As one year turns into another, we are looking back to see what compelled our attention in 2018. What were the ideas and stories about systems engineering that caught our eye? Where were we challenged to re-think certain assumptions we held, and how did that change us? Where did we find new ways to tell old truths? And what were some of the stories that inspired us, by people who use our products? Let’s take a look.
The Systems-Metamodel Cube
The concept of the metamodel was one we explored extensively in 2018. For our booth at the annual International Symposium of the International Council on Systems Engineering in Washington, D.C. in July, we designed a lightweight three-dimensional box that showcases on each facet one aspect of systems engineering. This 3:17-minute video explains.
“Requirements, behavior, physical architecture, and analysis,” our narrator says, “—a good metamodel not only serves as the foundation for analysis and communication, but it serves as a roadmap as well, reflecting what you know, and what you don’t. By being mindful of these elements as you travel along your design journey, you’re bound to have insights.”
(And if you would like to have one of the cubes, send us an email with your snail mail address. We still have a few left.)
Blog: The Meaning is in the Metamodel
“If we truly want digital clarity to enable the engineering of complicated and complex systems, our journey must include a well-engineered metamodel,” David Long asserts, in a blog post published in August.
Whether dealing with humans or software, the clarity we need is not in the diagrams. Diagrams and other representations are essential tools in understanding and analyzing from multiple perspectives, but they lack the necessary depth of semantic meaning and rigor. The digital clarity we seek resides in the metamodel underpinning our processes, methods, and tools. Without the shared metamodel, we lack the framework for connected engineering or shared understanding. Without the right metamodel, we find ourselves reliant upon implicit meaning and hope rather than explicit definition and rigor.
Long also looks at the role of SysML in the systems engineer’s toolkit in this blog post, and what we can already do while others wait for SysML 2.0 to be released.
Here are some additional blog posts we recommend:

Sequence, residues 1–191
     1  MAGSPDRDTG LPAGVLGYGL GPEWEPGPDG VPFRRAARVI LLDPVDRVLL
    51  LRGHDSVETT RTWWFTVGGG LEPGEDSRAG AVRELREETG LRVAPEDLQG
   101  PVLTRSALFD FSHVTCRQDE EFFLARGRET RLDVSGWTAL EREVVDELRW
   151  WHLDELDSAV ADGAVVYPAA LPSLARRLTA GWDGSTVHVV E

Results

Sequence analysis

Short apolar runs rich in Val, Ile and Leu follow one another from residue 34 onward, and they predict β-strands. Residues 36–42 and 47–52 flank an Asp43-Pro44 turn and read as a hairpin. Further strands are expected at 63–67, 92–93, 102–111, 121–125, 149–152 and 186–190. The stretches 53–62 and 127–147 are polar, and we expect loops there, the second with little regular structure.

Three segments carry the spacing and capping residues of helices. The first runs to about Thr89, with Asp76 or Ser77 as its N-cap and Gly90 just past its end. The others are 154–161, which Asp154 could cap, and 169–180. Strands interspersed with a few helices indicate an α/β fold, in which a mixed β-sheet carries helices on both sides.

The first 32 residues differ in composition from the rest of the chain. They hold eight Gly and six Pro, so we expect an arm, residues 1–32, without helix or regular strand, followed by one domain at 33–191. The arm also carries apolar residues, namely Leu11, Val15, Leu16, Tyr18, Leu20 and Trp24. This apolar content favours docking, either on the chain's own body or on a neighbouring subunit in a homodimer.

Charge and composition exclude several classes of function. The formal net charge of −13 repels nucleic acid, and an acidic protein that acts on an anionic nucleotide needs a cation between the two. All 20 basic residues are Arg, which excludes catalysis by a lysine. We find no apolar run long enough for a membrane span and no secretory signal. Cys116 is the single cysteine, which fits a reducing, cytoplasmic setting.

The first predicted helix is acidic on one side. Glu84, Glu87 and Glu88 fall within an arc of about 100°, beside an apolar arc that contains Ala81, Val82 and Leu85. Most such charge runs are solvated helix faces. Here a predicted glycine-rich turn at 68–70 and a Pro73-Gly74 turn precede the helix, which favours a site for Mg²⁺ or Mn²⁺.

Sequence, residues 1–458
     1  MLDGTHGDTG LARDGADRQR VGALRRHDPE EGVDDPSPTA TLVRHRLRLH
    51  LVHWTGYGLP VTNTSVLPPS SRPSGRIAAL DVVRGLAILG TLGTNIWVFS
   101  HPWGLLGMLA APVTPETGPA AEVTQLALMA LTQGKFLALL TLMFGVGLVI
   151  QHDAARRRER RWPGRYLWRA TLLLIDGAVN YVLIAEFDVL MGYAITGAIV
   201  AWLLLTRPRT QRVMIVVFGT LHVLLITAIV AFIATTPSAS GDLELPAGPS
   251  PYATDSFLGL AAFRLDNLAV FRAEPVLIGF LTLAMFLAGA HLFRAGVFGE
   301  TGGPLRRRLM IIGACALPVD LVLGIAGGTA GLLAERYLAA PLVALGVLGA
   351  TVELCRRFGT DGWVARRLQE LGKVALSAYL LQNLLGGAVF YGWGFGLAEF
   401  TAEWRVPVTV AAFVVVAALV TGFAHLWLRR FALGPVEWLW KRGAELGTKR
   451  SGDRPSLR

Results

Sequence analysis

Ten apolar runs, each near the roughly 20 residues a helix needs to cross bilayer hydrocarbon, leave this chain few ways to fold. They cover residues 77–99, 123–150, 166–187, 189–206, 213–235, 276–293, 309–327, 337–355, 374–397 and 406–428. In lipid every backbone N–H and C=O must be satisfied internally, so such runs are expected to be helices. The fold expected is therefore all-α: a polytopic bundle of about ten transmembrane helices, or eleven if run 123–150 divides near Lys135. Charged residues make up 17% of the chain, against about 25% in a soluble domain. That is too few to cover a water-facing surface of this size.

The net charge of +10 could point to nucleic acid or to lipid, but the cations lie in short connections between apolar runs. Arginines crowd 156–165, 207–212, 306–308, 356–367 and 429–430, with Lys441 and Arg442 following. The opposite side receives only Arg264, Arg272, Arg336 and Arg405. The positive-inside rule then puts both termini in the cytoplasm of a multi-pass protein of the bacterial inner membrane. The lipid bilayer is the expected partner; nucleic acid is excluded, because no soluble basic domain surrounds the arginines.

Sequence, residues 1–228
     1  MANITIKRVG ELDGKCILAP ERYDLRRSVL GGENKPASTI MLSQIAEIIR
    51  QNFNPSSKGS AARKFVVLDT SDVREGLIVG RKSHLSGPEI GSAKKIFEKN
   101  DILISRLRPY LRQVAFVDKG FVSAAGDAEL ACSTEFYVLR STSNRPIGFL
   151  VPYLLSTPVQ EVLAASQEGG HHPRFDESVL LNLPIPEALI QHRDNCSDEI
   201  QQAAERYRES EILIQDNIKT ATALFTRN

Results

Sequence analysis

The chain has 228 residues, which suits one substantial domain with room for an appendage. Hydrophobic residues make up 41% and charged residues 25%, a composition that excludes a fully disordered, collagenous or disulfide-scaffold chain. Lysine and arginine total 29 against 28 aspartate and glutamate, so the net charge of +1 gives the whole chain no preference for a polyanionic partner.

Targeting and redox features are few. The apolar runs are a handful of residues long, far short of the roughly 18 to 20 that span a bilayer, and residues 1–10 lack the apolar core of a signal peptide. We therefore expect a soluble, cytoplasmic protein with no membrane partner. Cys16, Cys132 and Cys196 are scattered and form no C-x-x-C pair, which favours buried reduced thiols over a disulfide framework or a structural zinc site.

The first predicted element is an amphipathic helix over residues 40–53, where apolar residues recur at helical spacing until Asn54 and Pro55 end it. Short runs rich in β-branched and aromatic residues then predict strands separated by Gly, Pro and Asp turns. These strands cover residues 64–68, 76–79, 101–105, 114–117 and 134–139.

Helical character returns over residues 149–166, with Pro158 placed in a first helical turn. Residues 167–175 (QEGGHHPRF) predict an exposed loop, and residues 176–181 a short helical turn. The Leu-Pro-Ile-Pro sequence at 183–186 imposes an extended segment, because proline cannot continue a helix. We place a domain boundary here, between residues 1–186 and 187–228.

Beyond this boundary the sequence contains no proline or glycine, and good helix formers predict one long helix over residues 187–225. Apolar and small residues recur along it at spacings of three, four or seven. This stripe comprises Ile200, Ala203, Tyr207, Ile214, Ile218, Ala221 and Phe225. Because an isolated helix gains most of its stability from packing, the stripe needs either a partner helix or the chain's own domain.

- Managing Your Technical Team
- Requirements Management vs. Requirements Engineering
- The Four Keys to Unlocking the Benefits of Systems Engineering
- 5 Standards for Choosing a Tool and an Approach
- The Value of MBSE Across the Product Lifecycle
- MIT Was Right – Focusing on Engineering of Systems Rather than SE
- The Golden Circle of Systems Engineering
Webinar: Improving Healthcare Delivery through Systems Engineering
Are there areas outside of the traditional mil-aero space that can benefit from the insights of systems engineering? Absolutely, and healthcare is one of them, argues Zane Scott, in his webinar Improving Healthcare Delivery through Systems Engineering. Not only does healthcare provide ample areas where systems engineering can improve outcomes—for example, in the area of waste and inefficiency, and in the quality of health outcomes—it is also commercially viable. Healthcare expenditures come in at $3.3 trillion annually in the United States, and represent 17.9% of U.S. GDP. (U.S. defense spending, by comparison, represents only 3.5% of U.S. GDP.)
Elimination of waste alone in the healthcare industry would represent $700 billion in savings annually, says Scott.
Here are some additional webinars that we think are worth checking out:
- Getting Started on Enterprise Architectures
- GENESYS API – Parameters, Relationships, and Diagram Exports
- Analyzing and Specifying Interfaces with MBSE
- Evolving MBSE to Enable the Digital Future
- More Agile than Agile: A Layered Approach to MBSE
- Introduction to GENESYS 6.0
- Getting Started with GENESYS University Edition
Success Story: Microsatellites in the age of Space 2.0
As microsatellites are increasingly in the news because of their use in a variety of ways—most recently, to help combat the Camp Fire in California, we were pleased to learn about how one scientist, Matthew Tetlow, used Vitech’s CORE software to help design a cubesat—a kind of microsatellite—for use in conducting space research.
“With the miniaturization of electronics,” Tetlow told us, “it’s now possible to put the same amount of research equipment that’s on a full-sized satellite into something that’s about the size of a loaf of bread.” Tetlow sees his cubesat work as part of the larger endeavor of space exploration in the 21st century. “It’s tremendously rewarding to be a part of something that has such potential to make a positive difference in the world.”
Here are two more success stories to check out:
- Liveable cities of 2050: How MBSE will help get us there
- Thinking about space laundry for a trip to Mars
These were some of the systems engineering-related things we found ourselves talking about this year. As we look to 2019, we are wondering: In what direction will systems engineering and model-based systems engineering take us? Can we build on what we have learned and take that with us as we move into the new year? I think so, and I’m looking forward to the revelations that will unfold, and the connections that we make.